It is tempting to use the OD and Face as reference surfaces but factors can and will conspire to offset/misalign both OD and Face of a gear
from its final axis of rotation. You might use the OD to dial indicate the gear blank on the hobber, but once teeth are cut the OD is, for
all practical purposes, lost as a reference surface for the pitch cylinder. Having a smooth reference boss/land/groove/step that will be
concentric with the pitch cylinder is a tremendous PLUS when moving a gear through its many stages (set ups) of manufacture.

So, if at all possible, plan your gear with references that you can use and follow until the gear is finished. Even if these references
are not part of the original gear design you can always find a way/place to add them. And, when you plan the references, you need to anticipate
each set up of the manufacturing process. Take a look at the first picture:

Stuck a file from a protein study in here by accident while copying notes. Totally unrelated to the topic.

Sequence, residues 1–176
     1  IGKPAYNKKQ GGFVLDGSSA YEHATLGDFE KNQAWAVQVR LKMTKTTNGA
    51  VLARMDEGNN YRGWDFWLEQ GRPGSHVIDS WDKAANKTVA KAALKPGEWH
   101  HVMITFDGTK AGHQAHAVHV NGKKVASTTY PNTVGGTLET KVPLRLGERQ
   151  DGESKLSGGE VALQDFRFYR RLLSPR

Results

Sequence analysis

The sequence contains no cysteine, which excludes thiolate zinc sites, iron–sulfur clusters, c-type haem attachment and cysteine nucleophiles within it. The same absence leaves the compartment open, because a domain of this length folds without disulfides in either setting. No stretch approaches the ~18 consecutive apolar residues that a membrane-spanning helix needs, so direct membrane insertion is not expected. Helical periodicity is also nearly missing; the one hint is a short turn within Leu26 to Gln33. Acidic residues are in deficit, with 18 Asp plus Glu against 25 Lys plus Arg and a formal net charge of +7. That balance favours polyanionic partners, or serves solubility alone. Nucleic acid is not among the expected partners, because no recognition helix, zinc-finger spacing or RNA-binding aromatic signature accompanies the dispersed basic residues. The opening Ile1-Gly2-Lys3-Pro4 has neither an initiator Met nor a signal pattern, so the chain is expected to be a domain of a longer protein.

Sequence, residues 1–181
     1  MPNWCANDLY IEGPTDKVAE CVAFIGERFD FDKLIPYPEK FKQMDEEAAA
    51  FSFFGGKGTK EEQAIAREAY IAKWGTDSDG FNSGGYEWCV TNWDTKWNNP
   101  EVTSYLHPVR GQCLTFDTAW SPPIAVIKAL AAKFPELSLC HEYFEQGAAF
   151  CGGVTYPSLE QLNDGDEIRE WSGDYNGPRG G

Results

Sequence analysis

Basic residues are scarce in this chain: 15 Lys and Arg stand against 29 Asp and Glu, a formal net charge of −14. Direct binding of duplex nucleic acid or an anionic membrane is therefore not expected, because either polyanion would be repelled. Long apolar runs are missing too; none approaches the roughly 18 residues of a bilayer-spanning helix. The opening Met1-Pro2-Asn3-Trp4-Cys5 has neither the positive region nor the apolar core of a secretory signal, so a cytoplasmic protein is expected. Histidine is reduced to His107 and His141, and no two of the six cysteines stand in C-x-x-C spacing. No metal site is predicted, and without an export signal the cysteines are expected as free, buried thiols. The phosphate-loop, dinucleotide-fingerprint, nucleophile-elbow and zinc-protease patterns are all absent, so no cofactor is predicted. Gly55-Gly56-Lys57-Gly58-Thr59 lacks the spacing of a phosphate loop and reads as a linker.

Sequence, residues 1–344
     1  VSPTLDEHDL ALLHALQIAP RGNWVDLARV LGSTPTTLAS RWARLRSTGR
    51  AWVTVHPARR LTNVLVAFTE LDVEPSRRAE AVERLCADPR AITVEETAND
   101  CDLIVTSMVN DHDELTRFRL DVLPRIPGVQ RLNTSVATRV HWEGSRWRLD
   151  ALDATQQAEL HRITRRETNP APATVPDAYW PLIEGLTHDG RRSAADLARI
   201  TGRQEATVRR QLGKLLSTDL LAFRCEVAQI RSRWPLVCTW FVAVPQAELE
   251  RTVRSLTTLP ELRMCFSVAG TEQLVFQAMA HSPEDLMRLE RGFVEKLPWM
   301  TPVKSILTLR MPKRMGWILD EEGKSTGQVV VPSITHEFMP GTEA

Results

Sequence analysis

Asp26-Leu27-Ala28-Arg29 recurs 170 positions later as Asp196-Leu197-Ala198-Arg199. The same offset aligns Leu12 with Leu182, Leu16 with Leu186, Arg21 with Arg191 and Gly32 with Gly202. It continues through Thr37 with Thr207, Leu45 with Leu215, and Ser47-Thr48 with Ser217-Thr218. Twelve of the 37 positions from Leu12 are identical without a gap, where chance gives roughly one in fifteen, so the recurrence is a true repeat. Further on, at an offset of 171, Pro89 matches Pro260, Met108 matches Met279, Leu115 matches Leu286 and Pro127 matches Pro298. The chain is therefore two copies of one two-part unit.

it shows a seemingly perfect reference when viewed on the lathe - but on the gear hobber this reference is blocked by hold-down clamps:

With the reference land blocked, there is no choice but to dial the OD as shown below: The next picture shows the proper location of the reference lands. It also shows how these lands are used to establish the final reference for grinding the journals - making the pitch cylinder concentric with the axis of rotation. In planning the reference(s), one must give careful consideration to how the geometry of the reference(s) will play out in the various mounting configurations (set ups) as the gear moves through the manufacturing process. The diameter of the herringbone pinion in the picture above, is much less than the length (face width) of the pinion. The reference locations (shown in this picture) are perfect for aligning the gear. For a gear with a diameter equal to or greater than the width of the gear, one must use a more suitable reference system. Pictures below illustrate a "face and rim" reference system: